A second discovery which was unearthed during the course of an official excavation under the Smithsonian’s William Emmert (1889) strengthens the notion that early America was a refuge for Jews escaping Roman rule. In this case, the Bat Creek Stone, found in Bat Creek Tennessee bears the inscription “a comet/roq/phoenix for Judea” which is a well known slogan of the Bar Kochba revolt of 133CE. [11]

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The Bat Creek Stone reads: [12]

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Wood taken from the site was radiocarbon dated yielding a date around the 1st or 2nd century CE. While this find is controversial with an October 2004 “American Antiquity” article (Mainfort and Kwas) claiming it is a fraud[13], the debate rages on with a counter argument published in February, 2005 in the journal “Pre-Columbiana” (McCulloch).[14] Thus, the evidence of the Cherokee tale and Bat Creek Stone suggests America was a refuge for Roman-Jewish escapees on at least two separate occasions.

Another large body of evidence for Semitic influence in early America is the bulk of similarities one can find in the Mayan sacred texts when compared with the Old Testament. In his book “The Nexus: The Link between the Mayan and Semitic Languages, During Pre Columbian Times” David Deal demonstrates a verse by verse correspondence between creolized Phoenician and Hebrew phrases of the Torah. The Mayan’s sacred book, the ‘Popol Vuh’ (book of the community), starts with a creation story that closely mirrors that of the Old Testament. It goes on to tell of a migration of the people across a sea that was split such that they were able to walk dry shod.

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[15]

After a 40 year migration led by a leader ‘Kukulcan’ they finally reached Chichen Itza. Deal reveals that the name Kukulcan is an ancient Hebrew derivative: ‘Khuquq El Khan’ (Lawgiving High Priest) and that ‘Chichen Itza’ is likewise ‘Sheshen Itza’ (joyously brought forth).

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Deal is convinced and offers convincing arguments that Kukulcan is none other than the Mayan version of Moses. Deal then notes that Sheshen Itza mirrors the usage found in Psalm 105:43 “And he brought forth his people in joy.”

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Deal’s book is too extensive in breadth to be covered fully here, but two appetizers follow. First the word ‘tamale’, is a highly identifiable and seemingly uniquely Mexican word. It turns out that it is a composite of the Hebrew ‘Ta Male’, a small chamber to be filled. In short, it is a ‘blintze’.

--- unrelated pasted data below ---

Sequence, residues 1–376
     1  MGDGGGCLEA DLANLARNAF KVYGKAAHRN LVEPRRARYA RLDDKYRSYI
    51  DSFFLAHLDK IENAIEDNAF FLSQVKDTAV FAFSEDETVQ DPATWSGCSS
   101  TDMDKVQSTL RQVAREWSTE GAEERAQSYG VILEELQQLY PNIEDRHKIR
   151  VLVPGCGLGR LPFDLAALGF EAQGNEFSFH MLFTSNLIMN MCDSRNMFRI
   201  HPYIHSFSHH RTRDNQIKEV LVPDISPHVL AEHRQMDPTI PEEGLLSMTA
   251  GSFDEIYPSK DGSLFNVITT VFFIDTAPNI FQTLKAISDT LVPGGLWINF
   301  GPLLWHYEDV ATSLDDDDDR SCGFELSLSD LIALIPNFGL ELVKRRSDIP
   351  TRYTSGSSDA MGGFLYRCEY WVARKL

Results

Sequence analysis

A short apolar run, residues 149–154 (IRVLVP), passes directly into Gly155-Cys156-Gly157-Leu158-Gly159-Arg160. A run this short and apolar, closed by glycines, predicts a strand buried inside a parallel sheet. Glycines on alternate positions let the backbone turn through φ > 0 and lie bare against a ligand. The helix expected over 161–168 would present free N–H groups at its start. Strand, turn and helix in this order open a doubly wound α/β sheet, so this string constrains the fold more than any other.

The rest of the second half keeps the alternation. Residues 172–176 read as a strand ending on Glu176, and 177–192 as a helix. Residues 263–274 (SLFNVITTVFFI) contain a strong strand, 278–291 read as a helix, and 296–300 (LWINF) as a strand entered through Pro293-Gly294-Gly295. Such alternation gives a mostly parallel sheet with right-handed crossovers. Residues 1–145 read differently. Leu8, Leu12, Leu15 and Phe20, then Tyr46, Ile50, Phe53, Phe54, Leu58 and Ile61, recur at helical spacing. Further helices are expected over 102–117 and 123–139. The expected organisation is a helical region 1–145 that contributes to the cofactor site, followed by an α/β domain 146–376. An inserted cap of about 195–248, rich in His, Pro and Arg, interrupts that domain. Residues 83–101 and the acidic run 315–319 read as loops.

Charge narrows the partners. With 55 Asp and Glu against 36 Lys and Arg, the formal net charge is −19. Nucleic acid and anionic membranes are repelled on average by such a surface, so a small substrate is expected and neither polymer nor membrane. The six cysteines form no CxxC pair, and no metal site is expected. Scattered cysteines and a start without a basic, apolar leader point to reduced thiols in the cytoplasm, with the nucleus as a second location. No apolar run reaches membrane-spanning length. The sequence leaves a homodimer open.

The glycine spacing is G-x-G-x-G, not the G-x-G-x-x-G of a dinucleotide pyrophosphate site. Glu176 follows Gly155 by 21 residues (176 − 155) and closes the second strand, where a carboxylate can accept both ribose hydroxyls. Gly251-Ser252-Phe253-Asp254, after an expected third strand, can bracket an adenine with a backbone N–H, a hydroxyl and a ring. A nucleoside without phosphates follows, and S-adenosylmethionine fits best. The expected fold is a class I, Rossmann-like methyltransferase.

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Next, the name ‘America’: Conventional history holds that the name was inspired by Amerigo Vespucci; not so says Deal. When the Spanish crew of Columbus’ fourth voyage was coasting Nicaragua, they invited some Mayan natives aboard. The crew asked the Maya the name of the place as they motioned to the mountain tops. The Maya assumed they were referring only to the mountain tops and answered “Amerik”. They Hispanized the name exchanging a ‘c’ for a ‘k’ and adding ‘a’. It has been America ever since. But Amerik has a Hebrew origin. ‘Ameer Rik’: summit of a mountain, emptiness. [16]

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Finally we have the Calalus settlement. In 1924 a collection of lead tablets was found near Tucson Arizona. “The crude plates told of a band of Hebrew refugees who fled Charlemagne’s Frankish Christian Regime and sailed across the Atlantic to a land known as Calalus. Found together with these plates were “ceremonial standards engraved with menorah and Hebrew tags like shalom, qaddash, elohim, goi gadol.” [17]

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A Calalus ‘Nehushtan’: Healing Staff (see Numbers 21:4-9) features a serpent wrapped around a staff

Calalus was founded in 775 C.E. when the colony’s first leader Theodore wrested the capital Rhoda from the native ‘Toltec’. A recent discovery off the coast of Haifa gives a possible vessel for the transatlantic crossing. Dr. Elisha Linder discovered the wreck of an ocean worthy craft and reports that a “flotilla of such merchantmen [(ships)] would have been available to Theodore and his colonists setting forth from Rome in 775.” [18]

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Dr Linder discovered the wreck of an ancient, ocean worthy vessel near Kibbutz Ma’agan Michael, Haifa, Israel [19]